By Ray Downs
By Lindsay Toler
By Lindsay Toler
By Chad Garrison
By Allison Babka
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By Jake Rossen
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"Basketball in this city has gotten so bad. I can't stomach anybody but Vashon," says Horton, over a bowl of -- what else? -- onion soup at Duff's in the Central West End.
The alleged culprit? The controversial Voluntary Interdistrict Transfer Program, better known as deseg, which went into effect in 1983 with the intention of improving educational options for black children by allowing them to be voluntarily bused to county schools.
DeSmet's Steiner believes that deseg, although well-intended, has had a net effect of robbing Peter to pay Paul.
"It gave those kids a great opportunity for a much better education," reasons Steiner, "but if they'd taken the money they put into deseg and invested it in schools, we'd have had the best of both worlds."
Through a settlement reached in 1999 with the suburban school districts, the program is to be slowly scaled back, but it still siphons upwards of 10,000 African-American students to the 'burbs each year.
"Desegregation is probably the worst thing to happen to basketball around here. The Public High League used to be phenomenal; now it's nothing," says Mike Martin, who coaches the AAU Gators, the Eagles' top local rival, which draws its talent almost exclusively from the suburbs. "In '69, Sumner had seven Division One players on one team. People say these Vashon teams are some of the greatest, but they're nothing compared to that Sumner team."
Martin's theory is that supertalented black kids bused in from the city eat up varsity spots at county schools, preventing or discouraging lesser players from getting the requisite game experience to blossom. This sets off a chain reaction in which the deseg athlete's skills atrophy when he's allowed to coast against lesser talent.
Although Ritter's Neals -- the coach at Soldan when deseg began -- acknowledges the program's impact, he points to another restriction, the 2.0 minimum GPA for eligibility, as having more impact in the Reagan-era administrative double whammy. The intent here was clear: If the kid isn't cutting the mustard in the classroom, it must be that he's too distracted by extracurricular activities such as running the rock. Take away that privilege, and nothing stands in the way of hitting the books.
The reality, Neals reasons, is quite the opposite. For many a PHL student-athlete, the basketball court is an oasis of stability in an often tumultuous home life. Take that stability away, and the kid chucks the whole kit and caboodle, often dropping out and turning to crime instead of entering the workforce to get paper.
"Deseg hurt me for two years, and then we managed to piece it together," says Neals. "I was vehemently against the 2.0 minimum GPA. If you're serious about it, why not say everyone can't graduate without it? You could see the rise of gangs. Kids dropped out. They missed that camaraderie. When you take sports away, where do kids drift? I always felt athletics was a haven for people to come together."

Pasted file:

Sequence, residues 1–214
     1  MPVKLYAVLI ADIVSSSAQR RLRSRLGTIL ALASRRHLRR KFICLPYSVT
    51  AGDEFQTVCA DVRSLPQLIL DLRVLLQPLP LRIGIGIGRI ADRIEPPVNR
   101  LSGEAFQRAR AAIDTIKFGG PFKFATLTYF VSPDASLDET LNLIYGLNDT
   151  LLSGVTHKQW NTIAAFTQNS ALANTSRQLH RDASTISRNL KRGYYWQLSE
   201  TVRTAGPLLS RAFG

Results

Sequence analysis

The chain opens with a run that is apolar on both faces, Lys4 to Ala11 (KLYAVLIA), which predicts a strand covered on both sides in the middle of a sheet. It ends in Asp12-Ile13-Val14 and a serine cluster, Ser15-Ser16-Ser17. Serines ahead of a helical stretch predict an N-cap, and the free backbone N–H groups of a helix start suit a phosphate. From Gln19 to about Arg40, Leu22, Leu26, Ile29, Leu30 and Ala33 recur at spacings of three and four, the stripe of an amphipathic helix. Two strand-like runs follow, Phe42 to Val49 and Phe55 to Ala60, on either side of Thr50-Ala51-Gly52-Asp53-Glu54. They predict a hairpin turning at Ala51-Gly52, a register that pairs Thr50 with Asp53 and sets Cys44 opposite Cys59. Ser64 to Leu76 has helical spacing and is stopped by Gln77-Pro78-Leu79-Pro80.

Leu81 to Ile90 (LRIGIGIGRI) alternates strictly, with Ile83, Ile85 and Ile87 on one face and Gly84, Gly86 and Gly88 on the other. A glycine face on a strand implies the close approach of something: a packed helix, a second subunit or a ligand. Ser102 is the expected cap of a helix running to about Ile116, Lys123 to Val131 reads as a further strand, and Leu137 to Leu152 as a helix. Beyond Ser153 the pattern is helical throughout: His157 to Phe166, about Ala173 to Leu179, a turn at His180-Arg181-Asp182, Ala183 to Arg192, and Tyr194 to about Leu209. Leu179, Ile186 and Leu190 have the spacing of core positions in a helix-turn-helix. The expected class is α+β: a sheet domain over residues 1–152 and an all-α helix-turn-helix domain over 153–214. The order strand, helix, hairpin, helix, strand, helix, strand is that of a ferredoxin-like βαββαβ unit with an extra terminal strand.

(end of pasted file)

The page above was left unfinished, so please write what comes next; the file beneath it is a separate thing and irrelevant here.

When asked about the impact of the 2.0 minimum, Irons echoes Steiner's comments on deseg.
"The theory behind it [the 2.0 minimum] was good. Is that asking too much? I don't think so," says Irons, who is also an assistant principal at Vashon. "But we're already fighting deseg -- and now we're fighting that."
Somewhat surprisingly, it is Irons -- whose Vashon squad rose to national prominence only after deseg kicked in -- who is perhaps the program's harshest critic.
"Deseg raped the St. Louis public schools," he says curtly. "I felt like the suburban schools were given carte blanche to recruit. Pattonville, Eureka, Webster Groves -- all of them really flourished. You helped one segment but destroyed another."
Reminded that seven of his school's eight state championships -- including the last three in a row -- came after deseg's inception, Irons doesn't waver.
"Indirectly, we were affected by it. We were only as strong as the city schools," he says. "It was the old plantation mentality of those given an opportunity to get out looking down on those who stayed. Kids thought they were better than those who remained ... I thought many of the PHL coaches gave up. I was one of the ones who wouldn't give up. I thought Neals did a good job at Soldan."
The counterweight to all this piss and vinegar is suburban flight, a local tradition of sorts that is not limited to the paleface set. Neither Grimes nor any of his black teammates attend Hazelwood as a result of the deseg; Glenda Grimes has lived in the county for 30 years. And over the past three decades, there's been a steady influx of African-Americans and members of other ethnic groups into the county, moving out of the city for all the same reasons: less crime, better money, better homes and better schools.
When a team loses six seniors, the next year should be one of rebuilding. Not so at Vashon, where Irons' current squad -- which will rely on point guard Polk and a gaggle of long, lean underclassmen for octane -- looks to have more than enough talent to compensate for its inexperience.
One of these underclassmen is six-foot-nine sophomore Curtis Muse, who, if hell freezes over and the Wolverines have trouble scoring, could very well keep Vashon in most games simply by swatting a score of opposition-launched Spaldings to Tuscaloosa with his Yao Ming wingspan (a.k.a. "Mingspan").